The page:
The refining industry has long been an integral part of Greater Philadelphia's regional economy. Hard-working refinery employees produce the gasoline, jet fuel, diesel and other products our country runs on, and their good-paying jobs help sustain our communities. These refineries, however, are facing substantial economic challenges due to the significant compliance costs associated with a federal mandate that requires the blending of corn-based ethanol into finished fuels. While this issue has gained attention in recent months, now is the time to turn words into policy actions.
The Renewable Fuel Standard (RFS) was intended to reduce air emissions and diversify the nation's fuel mix. Unfortunately, the regulation has yielded unintended and harmful consequences. In order to comply with the RFS, refiners of all sizes must ensure that a specific amount of renewable fuels are blended into all gasoline and diesel. Refiners submit tradable compliance credits, called Renewable Identification Numbers, or RINs, to prove the required amount of renewable fuel has been blended. However, some independent refiners cannot do the blending themselves, so they must purchase the required amount of credits in lieu of blending.
Unfortunately, the cost of buying these credits has increased dramatically in recent years.
When the program started, credits cost just pennies, yielding annual compliance costs that were manageable. Today, independent refineries spend hundreds of millions of dollars each year to comply with the requirement. Earlier this year, the company that runs a major Philadelphia refinery, which provides refined fuel for much of the East Coast, declared bankruptcy. It cited the high cost of RINs as the number one reason for its economic hardship. RINs now cost the refinery twice the amount of paying its entire workforce.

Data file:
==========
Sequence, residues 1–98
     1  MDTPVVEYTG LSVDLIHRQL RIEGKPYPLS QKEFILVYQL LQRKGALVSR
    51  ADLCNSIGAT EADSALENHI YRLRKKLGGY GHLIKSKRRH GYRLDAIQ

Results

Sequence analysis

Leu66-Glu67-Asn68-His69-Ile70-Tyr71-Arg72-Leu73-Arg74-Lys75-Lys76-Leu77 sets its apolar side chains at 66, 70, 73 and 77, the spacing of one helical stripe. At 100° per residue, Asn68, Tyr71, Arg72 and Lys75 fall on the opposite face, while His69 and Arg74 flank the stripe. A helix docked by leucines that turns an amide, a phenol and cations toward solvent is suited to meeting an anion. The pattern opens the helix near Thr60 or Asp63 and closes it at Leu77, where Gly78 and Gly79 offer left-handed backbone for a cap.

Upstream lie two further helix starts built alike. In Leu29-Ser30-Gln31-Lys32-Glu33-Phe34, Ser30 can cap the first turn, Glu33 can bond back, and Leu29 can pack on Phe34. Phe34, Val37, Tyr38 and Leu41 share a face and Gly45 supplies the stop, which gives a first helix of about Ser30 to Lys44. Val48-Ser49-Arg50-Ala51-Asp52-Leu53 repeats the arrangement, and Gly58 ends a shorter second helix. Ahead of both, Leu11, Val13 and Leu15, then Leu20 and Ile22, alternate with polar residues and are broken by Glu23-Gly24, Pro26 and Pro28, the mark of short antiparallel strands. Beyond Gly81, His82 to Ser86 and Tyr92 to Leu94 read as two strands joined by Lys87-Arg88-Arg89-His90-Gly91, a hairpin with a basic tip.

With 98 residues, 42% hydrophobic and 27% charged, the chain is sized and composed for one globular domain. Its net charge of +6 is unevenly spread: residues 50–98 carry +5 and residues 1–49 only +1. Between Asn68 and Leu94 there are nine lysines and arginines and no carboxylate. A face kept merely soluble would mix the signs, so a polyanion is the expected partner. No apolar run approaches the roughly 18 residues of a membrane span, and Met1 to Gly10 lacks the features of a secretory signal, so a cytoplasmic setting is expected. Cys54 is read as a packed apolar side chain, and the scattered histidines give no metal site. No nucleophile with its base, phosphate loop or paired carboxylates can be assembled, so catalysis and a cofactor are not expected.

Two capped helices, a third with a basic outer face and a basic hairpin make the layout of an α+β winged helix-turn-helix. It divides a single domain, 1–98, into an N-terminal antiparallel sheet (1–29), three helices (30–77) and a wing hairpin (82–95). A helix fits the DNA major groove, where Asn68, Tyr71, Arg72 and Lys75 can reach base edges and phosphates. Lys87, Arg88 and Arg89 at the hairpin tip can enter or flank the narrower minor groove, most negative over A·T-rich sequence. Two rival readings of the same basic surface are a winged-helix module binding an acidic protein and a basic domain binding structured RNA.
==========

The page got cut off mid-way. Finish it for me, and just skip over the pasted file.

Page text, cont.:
Today, the refinery provides 1,100 direct jobs, thousands of indirect jobs, and is the largest on the East Coast. The loss of those jobs and production would be a terrible detriment to the region and nation.
This year, energy companies both large and small met with President Donald Trump to express concern about this expensive regulatory mandate. At the urging of U.S. Sens. Pat Toomey (R., Pa.), Ted Cruz (R., Texas), and others, the president and his administration reportedly arrived at a solution to help refiners as well as the farmers who grow the corn that is used to make the renewable fuel, ethanol. The proposed resolution would attach compliance credits to U.S. exports of ethanol, adding more credits into the available supply. This would boost the incentive to grow the U.S. ethanol export markets and simultaneously help reduce the price of the credits. The president also expressed support for the year-round sale of higher-level ethanol fuel at retail fueling stations, which also helps Midwest farmers.
I applaud President Trump and Sen. Toomey for recognizing the importance of this issue to our economy by finding an equitable solution to save jobs in Philadelphia and support our nation's renewable energy supply. I urge the administration to act as soon as possible to implement this fair and reasonable solution that will protect American jobs, enhance fuel security, and support both farmers and refiners. As each day passes without enacting the proposal, independent refiners continue to operate in a market that is stacked against them.